Ok, I am finally getting around to posting my thoughts on the shoulder and the movements that are associated with it. I originally did not discuss the shoulder in the foundational movement patterns, as the shoulder is more involved than these combined shoulder movement assessments…but this method still has merit. The complexity of the shoulder is the primary reason that I did not initially include them in the prior movement pattern descriptions. I will first show you the self-screening movement patterns, then the basics of the “pain provocation tests.” I will also attempt to touch on what makes the shoulder so amazing and challenging in the next set of posts. So, when looking back at the original Movement Patterns post, you should make sure to check your shoulder girdle mobility as described below.
On to the self screening:
First, reach one arm up and over your head and try to touch the upper part of the opposite shoulder blade (image 1 – LEFT). Repeat for the other side. Second, reach one arm behind your back and try to touch the lower part of the opposite shoulder blade (image 2 – RIGHT). Repeat for the other side. These are combined motions that incorporate elements of elevation, rotation, and movements away from or across your body. Note any differences side to side – even if you reach to these landmarks or beyond the minimum described goals. These reason to note where each hand could reach is that you are checking for symmetry (how your Right arm compares to your Left) along with these baseline movements.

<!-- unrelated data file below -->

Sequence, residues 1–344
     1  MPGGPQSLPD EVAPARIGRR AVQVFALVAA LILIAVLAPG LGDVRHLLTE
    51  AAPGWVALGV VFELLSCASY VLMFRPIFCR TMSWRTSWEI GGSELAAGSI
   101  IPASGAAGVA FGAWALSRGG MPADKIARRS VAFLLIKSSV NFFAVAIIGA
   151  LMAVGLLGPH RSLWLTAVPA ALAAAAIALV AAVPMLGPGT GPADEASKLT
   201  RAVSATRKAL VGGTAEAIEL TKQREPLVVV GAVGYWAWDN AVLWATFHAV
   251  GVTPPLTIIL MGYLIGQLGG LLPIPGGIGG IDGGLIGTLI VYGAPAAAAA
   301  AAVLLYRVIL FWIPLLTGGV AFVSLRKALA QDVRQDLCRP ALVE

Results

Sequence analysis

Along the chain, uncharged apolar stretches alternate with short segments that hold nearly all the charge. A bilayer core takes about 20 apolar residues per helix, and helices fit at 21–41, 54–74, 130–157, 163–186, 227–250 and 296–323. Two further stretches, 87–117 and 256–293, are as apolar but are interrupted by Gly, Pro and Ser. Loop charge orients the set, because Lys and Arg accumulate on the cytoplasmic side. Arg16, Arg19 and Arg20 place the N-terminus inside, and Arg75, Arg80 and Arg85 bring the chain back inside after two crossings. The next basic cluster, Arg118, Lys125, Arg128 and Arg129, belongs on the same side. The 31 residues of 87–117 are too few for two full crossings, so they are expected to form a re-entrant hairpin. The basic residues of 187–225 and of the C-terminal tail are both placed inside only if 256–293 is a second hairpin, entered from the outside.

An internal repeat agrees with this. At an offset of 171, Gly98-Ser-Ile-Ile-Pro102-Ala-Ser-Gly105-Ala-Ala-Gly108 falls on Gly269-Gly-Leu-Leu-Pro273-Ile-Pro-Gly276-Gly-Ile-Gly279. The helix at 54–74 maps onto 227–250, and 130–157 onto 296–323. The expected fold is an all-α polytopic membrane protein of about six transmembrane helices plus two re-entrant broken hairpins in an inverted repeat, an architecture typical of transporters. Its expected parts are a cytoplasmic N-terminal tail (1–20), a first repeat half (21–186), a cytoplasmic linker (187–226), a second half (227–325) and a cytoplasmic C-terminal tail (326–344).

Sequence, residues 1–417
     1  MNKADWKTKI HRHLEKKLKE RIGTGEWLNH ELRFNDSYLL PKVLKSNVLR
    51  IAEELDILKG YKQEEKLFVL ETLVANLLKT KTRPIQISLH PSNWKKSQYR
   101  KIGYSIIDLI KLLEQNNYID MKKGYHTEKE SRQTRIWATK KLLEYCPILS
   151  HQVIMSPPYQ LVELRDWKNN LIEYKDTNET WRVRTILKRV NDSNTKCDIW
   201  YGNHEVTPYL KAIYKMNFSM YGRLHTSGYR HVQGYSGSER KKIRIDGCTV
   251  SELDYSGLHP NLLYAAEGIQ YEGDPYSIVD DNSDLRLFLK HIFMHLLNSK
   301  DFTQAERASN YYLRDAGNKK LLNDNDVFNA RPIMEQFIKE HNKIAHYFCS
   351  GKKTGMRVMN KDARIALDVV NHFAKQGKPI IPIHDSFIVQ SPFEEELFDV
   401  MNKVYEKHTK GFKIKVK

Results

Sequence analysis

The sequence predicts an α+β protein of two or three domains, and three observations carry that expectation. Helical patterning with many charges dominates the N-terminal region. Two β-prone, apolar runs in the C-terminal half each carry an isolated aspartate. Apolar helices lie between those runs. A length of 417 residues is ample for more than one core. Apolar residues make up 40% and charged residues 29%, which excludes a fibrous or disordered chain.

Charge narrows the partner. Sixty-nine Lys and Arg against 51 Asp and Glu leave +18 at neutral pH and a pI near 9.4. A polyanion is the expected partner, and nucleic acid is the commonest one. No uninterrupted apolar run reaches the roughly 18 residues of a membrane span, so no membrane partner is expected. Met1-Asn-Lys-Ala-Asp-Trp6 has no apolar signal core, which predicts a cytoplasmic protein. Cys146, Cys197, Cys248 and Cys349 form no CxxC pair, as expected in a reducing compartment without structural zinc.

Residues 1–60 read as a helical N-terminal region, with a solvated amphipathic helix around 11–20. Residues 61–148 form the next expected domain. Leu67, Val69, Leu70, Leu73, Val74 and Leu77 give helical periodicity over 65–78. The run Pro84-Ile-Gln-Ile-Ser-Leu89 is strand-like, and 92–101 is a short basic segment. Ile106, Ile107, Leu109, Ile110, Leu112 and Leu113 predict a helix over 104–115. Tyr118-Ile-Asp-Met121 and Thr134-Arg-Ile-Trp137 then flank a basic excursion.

Next, you are going to perform “provocation patterns”. The objective here is to identify combined movements that are designed to somewhat replicate special tests that we routinely perform in the physical therapy clinic – this is in attempt to determine any pain that may indicate underlying pathology (like rotator cuff or joint involvement, for example).
Provocation Test 1: Take the palm of the RIGHT hand and place it on the LEFT shoulder. Slowly lift the elbow towards the ceiling. Repeat with the opposite side.
Provocation Test 2: Take your LEFT hand and help pull the RIGHT arm across your chest as far as possible. Repeat with the opposite side.
If either of these movements created pain, please note where it hurt (front, top, back). If you experience pain, as always, it may be worth a visit to a medical professional to help rule o
ut any underlying pathology. When simply moving your body in these ways, you should never experience pain. When pain is present, something more may be involved. Again, you are not seeking to push into any painful ranges.
So, if you reached those baseline landmarks, as described above, your shoulder/shoulder blade/thoracic/cervical structures all are appropriately moving. If not, we need to attempt to better understand these combined movements and need you to move into a lying on your stomach position. The reason for this position is to limit the role of thoracic, cervical and shoulder girdle stability requirements. Now, try the original 2 combined movements from your stomach and see if your range has improved – are you able to reach your shoulder blade in both directions now? If not, are you closer? Is it easier or less painful? If any aspect is better, your shoulder joint itself may move well, but you possibly have postural or positional or stabilization deficits. If nothing improved from this position, you may truly have a mobility issue that needs to be addressed. Where the mobility or stability deficits lie may take more assessment, though…
I will leave you with the understanding that there are hundreds of published articles about the shoulder and many are conflicting, controversial and even unclear oftentimes. They seek to address things from rotator cuff tears, to tendonitis, to bursitis, to labral tears, to sprains, to spurs, to arthritis to many other conditions. As always, pain is a game-changer. Never push into it or try to determine it’s source by something this simplistic (or via any other internet info) and consult a qualified medical professional. Again, this post is meant to serve as a quick and simple way to self-assess your shoulder complex and is by no means specific to any pathology or injuries you may have. With that, good luck trying the first step of checking out your own shoulder!